An ultra-fast light-emitting device that can flip on-and- off 90 billion times a second and could form the basis of optical computing has been developed.
At its most basic level, your smartphone's battery is powering billions of transistors using electrons to flip on and off billions of times per second.
But if microchips could use photons instead of electrons to process and transmit data, computers could operate even faster. But first engineers must build a light source that can be turned on and off that rapidly.
While lasers can fit this requirement, they are too energy-hungry and unwieldy to integrate into computer chips. Researchers are now one step closer to such a light source.
"This is something that the scientific community has wanted to do for a long time," said Maiken Mikkelsen, assistant professor of electrical and computer engineering and physics at Duke.
"We can now start to think about making fast-switching devices based on this research, so there's a lot of excitement about this demonstration," he added.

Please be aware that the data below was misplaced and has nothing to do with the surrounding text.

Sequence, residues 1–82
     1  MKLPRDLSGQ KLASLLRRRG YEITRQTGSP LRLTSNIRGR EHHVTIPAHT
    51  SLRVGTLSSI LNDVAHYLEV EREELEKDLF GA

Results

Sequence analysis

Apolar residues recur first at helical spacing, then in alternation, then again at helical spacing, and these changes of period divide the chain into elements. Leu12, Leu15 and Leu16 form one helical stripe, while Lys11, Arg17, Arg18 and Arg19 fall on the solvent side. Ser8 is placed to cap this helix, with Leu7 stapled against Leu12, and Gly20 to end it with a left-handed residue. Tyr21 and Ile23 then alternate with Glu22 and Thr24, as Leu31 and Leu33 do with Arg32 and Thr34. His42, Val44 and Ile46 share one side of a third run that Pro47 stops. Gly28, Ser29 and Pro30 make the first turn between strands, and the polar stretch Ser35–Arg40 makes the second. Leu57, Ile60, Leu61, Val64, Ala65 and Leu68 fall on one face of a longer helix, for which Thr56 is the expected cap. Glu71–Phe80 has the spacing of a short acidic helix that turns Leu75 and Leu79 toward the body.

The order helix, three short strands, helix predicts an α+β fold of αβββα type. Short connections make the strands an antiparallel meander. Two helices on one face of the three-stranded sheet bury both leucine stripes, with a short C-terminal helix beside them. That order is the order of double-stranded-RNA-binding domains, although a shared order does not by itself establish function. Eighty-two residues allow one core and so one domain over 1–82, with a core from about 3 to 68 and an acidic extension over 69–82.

"There is great interest in replacing lasers with LEDs for short-distance optical communication, but these ideas have always been limited by the slow emission rate of fluorescent materials, lack of efficiency and inability to direct the photons," said Gleb Akselrod, a postdoctoral research in Mikkelsen's laboratory. "Now we have made an important step towards solving these problems."
"The eventual goal is to integrate our technology into a device that can be excited either optically or electrically," said Thang Hoang, also a postdoctoral researcher in Mikkelsen's laboratory. "That's something that I think everyone, including funding agencies, is pushing pretty hard for."
The study was published in the journal Nature Communications.
Written with inputs from IANS